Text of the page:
Military avionics retrofits to aircraft such as the B-1 Bomber are leveraging powerful commercial processors and high-speed networking in a distributed architecture to enable future capability upgrades. Meanwhile, safety concerns related to degraded visual environments are driving synthetic vision designs for rotary wing platforms.
Airborne maritime surveillance radars play a central role in the global homeland defense of more than 315,000 miles of worldwide coastline. While considered state-of-the-art, these radars continue to evolve to meet military customers' needs for persistent surveillance, automation, and continued tracking of targets as they move from sea to land.
As the type and number of military and national security threats increase, so does the sophistication and capabilities of Intelligence, Surveillance, and Reconnaissance (ISR) systems needed to address those threats. The problem, however, is that developing and operating advanced ISR systems is costly, and in many cases a user does not have the time, resources, acquisition processes, or technological maturity to make an ISR procurement practical.
Missile systems, Unmanned Aerial Vehicle (UAV) payloads, soldier radios, and other applications are seeing the benefits of miniaturization and enhanced performance in Global Positioning System (GPS) technology. However, GPS designs also require more elaborate anti-jamming techniques such as combining GPS with Inertial Measurement Units (IMUs) to combat new, sophisticated threats. Meanwhile, DARPA researchers continue to reduce GPS footprints as they combine a tiny IMU and timing capability on one substrate.
Commercial smartphone technology, long thought to be too unsecure or not rugged enough for battlefield use, is gaining support among U.S. military program managers who see it as a cost-effective way to quickly get capability in the hands of warfighters.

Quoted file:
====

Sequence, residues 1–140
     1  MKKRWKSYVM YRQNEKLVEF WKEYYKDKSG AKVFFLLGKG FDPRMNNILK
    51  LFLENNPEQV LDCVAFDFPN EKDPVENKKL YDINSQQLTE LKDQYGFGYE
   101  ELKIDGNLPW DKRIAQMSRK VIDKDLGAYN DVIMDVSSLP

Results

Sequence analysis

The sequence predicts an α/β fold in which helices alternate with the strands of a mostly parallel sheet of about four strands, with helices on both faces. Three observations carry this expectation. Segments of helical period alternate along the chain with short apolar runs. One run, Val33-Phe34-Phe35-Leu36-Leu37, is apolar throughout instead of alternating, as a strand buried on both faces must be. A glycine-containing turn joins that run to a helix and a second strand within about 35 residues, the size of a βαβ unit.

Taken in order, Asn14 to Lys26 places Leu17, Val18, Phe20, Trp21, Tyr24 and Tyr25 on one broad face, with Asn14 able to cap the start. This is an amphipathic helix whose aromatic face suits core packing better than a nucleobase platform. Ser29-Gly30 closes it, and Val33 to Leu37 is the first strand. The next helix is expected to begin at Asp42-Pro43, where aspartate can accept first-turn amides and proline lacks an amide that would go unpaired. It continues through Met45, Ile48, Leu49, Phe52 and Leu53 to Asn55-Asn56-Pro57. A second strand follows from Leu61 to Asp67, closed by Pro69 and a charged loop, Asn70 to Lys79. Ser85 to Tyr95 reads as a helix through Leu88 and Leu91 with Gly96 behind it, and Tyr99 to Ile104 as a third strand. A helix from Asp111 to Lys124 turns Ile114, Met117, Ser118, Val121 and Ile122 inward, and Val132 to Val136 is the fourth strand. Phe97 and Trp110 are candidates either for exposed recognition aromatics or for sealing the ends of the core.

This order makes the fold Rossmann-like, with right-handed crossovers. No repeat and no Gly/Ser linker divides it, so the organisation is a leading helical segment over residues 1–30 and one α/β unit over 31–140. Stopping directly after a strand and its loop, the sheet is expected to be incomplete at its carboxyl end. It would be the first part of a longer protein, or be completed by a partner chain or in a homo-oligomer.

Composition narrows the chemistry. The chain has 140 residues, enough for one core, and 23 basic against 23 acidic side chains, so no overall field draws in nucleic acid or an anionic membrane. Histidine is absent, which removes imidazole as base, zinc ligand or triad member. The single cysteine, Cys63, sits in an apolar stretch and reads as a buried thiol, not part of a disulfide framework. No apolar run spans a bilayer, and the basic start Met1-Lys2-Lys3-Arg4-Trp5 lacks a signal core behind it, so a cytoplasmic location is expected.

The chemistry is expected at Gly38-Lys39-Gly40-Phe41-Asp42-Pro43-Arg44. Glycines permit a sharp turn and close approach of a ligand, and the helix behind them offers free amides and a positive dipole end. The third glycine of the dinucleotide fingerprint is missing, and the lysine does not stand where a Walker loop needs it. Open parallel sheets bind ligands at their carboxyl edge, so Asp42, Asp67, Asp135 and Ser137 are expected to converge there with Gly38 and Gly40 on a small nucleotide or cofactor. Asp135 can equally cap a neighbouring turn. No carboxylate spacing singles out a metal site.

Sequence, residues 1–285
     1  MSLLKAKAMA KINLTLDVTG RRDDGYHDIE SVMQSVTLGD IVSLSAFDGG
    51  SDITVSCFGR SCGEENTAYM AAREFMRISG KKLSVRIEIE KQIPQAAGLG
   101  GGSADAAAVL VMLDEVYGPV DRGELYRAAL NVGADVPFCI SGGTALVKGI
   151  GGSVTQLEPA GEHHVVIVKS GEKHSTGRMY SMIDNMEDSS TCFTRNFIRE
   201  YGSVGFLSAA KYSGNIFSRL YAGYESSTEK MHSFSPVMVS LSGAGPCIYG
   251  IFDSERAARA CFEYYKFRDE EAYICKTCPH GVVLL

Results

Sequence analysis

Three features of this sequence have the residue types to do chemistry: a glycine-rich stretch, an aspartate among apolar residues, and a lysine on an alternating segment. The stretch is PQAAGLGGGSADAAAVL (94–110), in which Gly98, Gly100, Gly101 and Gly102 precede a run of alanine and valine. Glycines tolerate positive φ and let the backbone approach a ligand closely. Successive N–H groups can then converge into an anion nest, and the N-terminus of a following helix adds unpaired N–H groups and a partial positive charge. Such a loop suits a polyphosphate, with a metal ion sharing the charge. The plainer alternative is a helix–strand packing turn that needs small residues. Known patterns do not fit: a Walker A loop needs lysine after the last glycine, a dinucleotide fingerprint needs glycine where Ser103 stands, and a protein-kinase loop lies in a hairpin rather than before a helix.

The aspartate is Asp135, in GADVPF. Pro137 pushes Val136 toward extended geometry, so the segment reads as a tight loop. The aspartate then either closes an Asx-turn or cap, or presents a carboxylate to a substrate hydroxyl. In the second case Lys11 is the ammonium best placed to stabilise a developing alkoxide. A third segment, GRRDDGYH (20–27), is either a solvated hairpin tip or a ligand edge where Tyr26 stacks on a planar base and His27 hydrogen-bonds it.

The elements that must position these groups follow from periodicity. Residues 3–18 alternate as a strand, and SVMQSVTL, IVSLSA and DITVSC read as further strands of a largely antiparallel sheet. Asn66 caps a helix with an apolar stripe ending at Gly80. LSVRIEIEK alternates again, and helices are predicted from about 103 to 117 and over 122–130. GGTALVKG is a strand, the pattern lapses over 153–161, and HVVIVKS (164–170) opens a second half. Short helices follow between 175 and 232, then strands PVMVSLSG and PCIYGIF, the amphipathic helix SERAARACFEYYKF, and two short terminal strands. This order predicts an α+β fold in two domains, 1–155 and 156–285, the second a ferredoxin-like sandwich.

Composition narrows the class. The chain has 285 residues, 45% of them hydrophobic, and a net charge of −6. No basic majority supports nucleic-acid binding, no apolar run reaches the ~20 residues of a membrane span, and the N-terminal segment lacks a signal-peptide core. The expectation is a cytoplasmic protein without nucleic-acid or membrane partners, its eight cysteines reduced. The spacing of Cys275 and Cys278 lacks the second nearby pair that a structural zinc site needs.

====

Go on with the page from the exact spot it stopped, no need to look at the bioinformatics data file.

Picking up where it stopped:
As technology and requirements evolve, the U.S. Navy is leveraging commercial technology and open architectures to keep shipboard electronics relevant in the 21st century. This also serves to enhance capability for the warfighter in new platforms such as the Littoral Combat Ship and in new systems such as the Air and Missile Defense Radar.
OpenVPX brings together high-speed parallel processing FPGAs with the software capability of CPUs to meet the most challenging sensor processing applications for unmanned platforms.
Requirements for smart sensors that can see further and produce high-quality imagery in small, low-weight packages are driving Unmanned Aerial System (UAS) payloads development. Designers of these systems also face challenges such as balancing reduced Size, Weight, and Power (SWaP) requirements while increasing performance, uncertain Department of Defense funding priorities, and data link bandwidth limitations.
The proliferation of unmanned vehicle platforms – in the air, on the ground, and in the water – has provided an unparalleled opportunity to expand intelligence, surveillance, and reconnaissance operations. Choosing the optimal blend of functionality, performance, reliability, and cost is the key challenge in optimizing the use of video. Meanwhile, key considerations include sensor processing location trends, video fusion, and video compression and bandwidth, in addition to Size, Weight, and Power (SWaP).
The fast pace of UAV/UGV/UUV evolution places an ever-increasing demand on size, weight, and power, while the range of use applications – from surveillance to air defense to communications relays – and interest from national security organizations beyond military continue to grow. To accommodate increasing requirements and diminishing budgets, public contractors and private vendors are moving to Size, Weight, Power, and Cost (SWaP-C)-savvy standards-based systems design, such as by utilizing the smaller envelopes of VITA 75 small form factors to replace existing 3U and 6U VPX technologies. This allows the integration of future payload capabilities into the space available in existing mobile platforms.